Thursday, May 15, 2008
Giro ’08 St 6: Visconti’s Big Break!
Aaah, we haven’t had one of these for a while! A Grand Tour peloton turns a blind eye as a monster escape screams up the road and rewrites the general classification. Somewhere, Claudio Chiapucci is smiling ….. as a younger Italian hero lives the dream.
Swapping the tricolore of national champion for the fabled maglia rosa tonight is 25-year old Giovanni Visconti, hand-picked for QuickStep by none other than ‘Il Grillo’ himself. Paolo Bettini had been watching the youngster from his early days on Domina Vacanze and personally saw to it that he became a team-mate.
And now Visconti’s racing future is secure as he pulls on one of the sport’s most beautiful jerseys. Maybe he was inspired by the race start in his Sicilian homeland, but the youngster was smart enough to keep tabs on Matthias Russ of Gerolsteiner, who was lying closest to him overall. By picking up the bonus sprint with 90kms to go, and a handful of seconds advantage over the finish line, he did enough to edge into the pink jersey.
And he gets the narcissistic pleasure of reading about himself all over the Italian sports pages in the start village tomorrow!
Visconti was one of a dozen in a breakaway group, joined by the USA’s Jason McCartney (CSC), Big Magnus Backstedt of Slipstream, Astana’s Maxim Iglinsky, Alan Perez of Euskaltel, Daniele Nardello from Simoni’s team (to save on the typing!) ….. and, for a while at least, the unfortunate Rene Mandri. Ag2r’s Estonian crashed out of the action and out of the race with an unscheduled visit to the floor.
Today’s racing situation was no doubt helped by the organisers wisely deciding to slice off the 34-km finishing circuit before a pissed-off peloton sliced something off the organisers. After some tortuous transfers already, the Giro bosses recognised the “… stresses and unease …” (classic PR speak) of the riders and gave them a break.
So instead of a stage the length of a Classic race, we had a bloody long and undulating stage anyway, but hopefully an extra hour’s recovery tonight. And we also have to eliminate ‘Circuito del Gargano’ from the stage title!
In the main field, Liquigas were quite happy to let the lead go to another team, and with no-one of major concern in the break, it was allowed to stretch out to 16 minutes. They were hammering it all the way, too, with the first three hours being particularly balls-out – 47.4 km/h!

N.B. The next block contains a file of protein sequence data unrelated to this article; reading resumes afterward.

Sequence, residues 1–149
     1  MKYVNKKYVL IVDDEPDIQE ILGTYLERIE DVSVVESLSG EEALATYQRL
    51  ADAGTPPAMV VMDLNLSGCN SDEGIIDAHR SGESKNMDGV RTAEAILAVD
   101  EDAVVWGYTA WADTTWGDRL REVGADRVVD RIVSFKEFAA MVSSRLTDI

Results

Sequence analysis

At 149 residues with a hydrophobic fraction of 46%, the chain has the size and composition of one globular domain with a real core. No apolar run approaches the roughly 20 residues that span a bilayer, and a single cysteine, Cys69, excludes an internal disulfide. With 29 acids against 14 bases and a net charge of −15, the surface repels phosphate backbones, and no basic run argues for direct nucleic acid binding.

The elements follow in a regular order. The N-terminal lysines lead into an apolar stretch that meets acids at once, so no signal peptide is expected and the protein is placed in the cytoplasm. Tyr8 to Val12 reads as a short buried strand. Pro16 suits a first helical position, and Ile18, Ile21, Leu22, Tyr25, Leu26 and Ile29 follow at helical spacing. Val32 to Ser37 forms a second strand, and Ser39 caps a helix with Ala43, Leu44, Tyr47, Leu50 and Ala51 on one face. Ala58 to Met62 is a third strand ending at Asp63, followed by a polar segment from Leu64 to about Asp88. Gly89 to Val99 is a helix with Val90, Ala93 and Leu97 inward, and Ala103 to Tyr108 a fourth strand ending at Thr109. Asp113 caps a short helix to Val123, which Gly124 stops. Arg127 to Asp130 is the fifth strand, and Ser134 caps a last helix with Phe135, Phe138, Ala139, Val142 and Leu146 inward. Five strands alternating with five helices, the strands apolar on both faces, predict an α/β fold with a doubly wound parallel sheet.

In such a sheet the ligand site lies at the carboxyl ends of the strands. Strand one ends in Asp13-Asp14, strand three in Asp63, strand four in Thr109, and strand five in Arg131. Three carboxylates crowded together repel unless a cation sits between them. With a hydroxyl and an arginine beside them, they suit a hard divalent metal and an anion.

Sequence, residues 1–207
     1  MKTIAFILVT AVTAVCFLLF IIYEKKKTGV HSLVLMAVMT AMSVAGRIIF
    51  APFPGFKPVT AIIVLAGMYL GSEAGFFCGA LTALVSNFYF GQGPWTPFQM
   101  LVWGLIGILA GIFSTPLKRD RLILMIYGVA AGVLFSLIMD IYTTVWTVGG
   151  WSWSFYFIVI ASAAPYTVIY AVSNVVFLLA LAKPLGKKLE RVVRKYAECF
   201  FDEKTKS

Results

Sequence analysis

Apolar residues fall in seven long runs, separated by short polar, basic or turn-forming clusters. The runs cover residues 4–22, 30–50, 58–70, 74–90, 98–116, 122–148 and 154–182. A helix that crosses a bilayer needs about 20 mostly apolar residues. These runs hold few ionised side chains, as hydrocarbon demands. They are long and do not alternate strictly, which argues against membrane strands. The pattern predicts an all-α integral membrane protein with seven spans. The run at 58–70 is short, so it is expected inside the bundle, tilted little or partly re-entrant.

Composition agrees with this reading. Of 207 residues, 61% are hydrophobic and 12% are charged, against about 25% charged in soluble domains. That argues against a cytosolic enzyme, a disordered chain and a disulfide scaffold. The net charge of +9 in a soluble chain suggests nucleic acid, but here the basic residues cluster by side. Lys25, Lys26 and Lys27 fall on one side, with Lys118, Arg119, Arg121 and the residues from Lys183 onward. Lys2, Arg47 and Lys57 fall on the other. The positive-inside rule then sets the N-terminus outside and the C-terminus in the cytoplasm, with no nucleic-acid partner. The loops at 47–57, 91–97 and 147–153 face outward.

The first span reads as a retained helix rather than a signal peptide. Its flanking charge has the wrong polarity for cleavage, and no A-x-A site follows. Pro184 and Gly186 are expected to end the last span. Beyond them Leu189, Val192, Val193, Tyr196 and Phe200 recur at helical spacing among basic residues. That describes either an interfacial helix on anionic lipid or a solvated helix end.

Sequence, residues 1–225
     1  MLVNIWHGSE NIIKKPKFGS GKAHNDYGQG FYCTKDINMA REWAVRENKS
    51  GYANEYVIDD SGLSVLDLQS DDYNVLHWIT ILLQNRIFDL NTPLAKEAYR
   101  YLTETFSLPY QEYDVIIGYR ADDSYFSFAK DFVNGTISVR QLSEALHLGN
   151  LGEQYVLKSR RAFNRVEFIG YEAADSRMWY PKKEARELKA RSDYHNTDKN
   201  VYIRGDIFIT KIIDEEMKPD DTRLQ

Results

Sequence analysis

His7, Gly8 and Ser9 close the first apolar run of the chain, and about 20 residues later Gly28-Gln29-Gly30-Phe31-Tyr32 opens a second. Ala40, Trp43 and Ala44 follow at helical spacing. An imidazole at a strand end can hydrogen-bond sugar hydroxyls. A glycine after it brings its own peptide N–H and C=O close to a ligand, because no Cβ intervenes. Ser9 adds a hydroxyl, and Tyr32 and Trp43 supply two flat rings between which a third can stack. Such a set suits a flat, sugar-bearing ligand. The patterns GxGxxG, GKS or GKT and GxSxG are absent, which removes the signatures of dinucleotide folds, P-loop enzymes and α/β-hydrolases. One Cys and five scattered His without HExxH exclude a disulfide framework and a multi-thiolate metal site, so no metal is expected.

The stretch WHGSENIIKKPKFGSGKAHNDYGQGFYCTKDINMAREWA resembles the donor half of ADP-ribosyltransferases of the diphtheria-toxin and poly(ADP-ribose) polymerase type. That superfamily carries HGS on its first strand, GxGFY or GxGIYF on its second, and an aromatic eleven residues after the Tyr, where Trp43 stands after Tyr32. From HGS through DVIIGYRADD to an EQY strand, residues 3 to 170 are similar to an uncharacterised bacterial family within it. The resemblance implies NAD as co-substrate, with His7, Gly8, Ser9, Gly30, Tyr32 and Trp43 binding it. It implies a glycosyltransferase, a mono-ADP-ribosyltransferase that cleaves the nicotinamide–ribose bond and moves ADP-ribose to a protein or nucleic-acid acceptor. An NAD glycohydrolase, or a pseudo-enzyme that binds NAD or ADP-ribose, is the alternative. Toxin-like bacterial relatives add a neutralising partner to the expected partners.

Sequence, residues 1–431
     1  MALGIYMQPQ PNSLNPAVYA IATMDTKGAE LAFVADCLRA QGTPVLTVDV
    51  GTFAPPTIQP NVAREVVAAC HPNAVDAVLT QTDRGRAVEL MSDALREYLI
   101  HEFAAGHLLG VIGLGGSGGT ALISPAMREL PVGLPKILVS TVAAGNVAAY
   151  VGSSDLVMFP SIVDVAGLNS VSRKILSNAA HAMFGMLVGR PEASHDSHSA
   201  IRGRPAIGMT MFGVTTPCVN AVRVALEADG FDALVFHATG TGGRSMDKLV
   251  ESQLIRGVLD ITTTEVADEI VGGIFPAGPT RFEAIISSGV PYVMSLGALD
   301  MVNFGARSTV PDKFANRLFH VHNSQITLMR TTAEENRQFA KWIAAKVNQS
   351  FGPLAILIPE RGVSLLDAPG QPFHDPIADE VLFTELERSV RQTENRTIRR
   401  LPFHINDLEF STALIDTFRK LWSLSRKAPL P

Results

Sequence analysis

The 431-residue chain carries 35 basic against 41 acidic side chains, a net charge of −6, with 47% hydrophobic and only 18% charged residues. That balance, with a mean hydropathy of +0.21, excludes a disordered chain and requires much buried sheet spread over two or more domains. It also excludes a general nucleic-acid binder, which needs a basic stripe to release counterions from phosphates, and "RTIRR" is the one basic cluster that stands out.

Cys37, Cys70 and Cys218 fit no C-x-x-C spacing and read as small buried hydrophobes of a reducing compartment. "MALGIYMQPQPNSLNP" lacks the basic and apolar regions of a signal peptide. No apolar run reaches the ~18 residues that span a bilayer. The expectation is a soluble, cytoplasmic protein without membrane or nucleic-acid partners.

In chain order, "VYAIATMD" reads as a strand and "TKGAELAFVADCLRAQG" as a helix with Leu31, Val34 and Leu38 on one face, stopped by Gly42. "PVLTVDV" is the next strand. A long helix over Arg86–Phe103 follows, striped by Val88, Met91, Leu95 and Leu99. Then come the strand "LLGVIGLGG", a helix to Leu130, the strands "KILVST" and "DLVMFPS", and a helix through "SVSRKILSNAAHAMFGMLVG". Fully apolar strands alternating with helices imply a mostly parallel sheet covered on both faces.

55 kms from home and Visconti, Nardello and CSF Navigare’s Matteo Priamo tried to escape from their buddies but were quickly back in the fold. Priamo had ants in his pants because he was next to try something serious and it stuck.
10 kms from the line, and he jumped again. When Visconti looked over for some help, Alan Perez roared up to Priamo and they were ……… goooone. McCartney and then Backstedt did all they could to haul things together, but the nasty final gradient hampered the chase.
Priamo nailed Perez to the floor in the sprint – a bit slo-mo after 230kms – and scored the best win of his career. The shattered breakaway arrived like the survivors of some long walk to freedom, all over the road. The peloton trundled in well over 11 minutes later.
Stage 6 Result, Potenza - Peschici (Circuito del Gargano), 231.6km
1 Matteo Priamo (Ita) CSF Group Navigare 5hrs 24’ 49”
2 Alan Pérez (Spa) Euskaltel + 8”
3 Nikolai Trusov (Rus) Tinkoff + 27”
4 Paul Martens (Ger) Rabobank + 31”
5 Maxim Iglinsky (Kaz) Astana + 32”
6 Daniele Nardello (Ita) Diquigiovanni + 36”
7 Francesco Gavazzi (Ita) Lampre + 40”
8 Giovanni Visconti (Ita) Quick Step same time
9 Magnus Backstedt (Swe) Slipstream + 43”
10 Matthias Russ (Ger) Gerolsteiner + 47”
Overall GC After Stage 6
1 Giovanni Visconti (Ita) Quick Step 27hrs 14’ 04”
2 Matthias Russ (Ger) Gerolsteiner same time
3 Daniele Nardello (Ita) Diquigiovanni + 1’ 22”
4 Alan Pérez (Spa) Euskaltel + 4’42”
5 Francesco Gavazzi (Ita) Lampre + 5’ 34
6 Matteo Priamo (Ita) CSF Group Navigare + 9’ 07”
7 Franco Pellizotti (Ita) Liquigas + 9’ 08”
8 Danilo Di Luca (Ita) LPR + 9’ 15”
9 Morris Possoni (Ita) High Road + 9’ 16”
10 Vincenzo Nibali (Ita) Liquigas + same time
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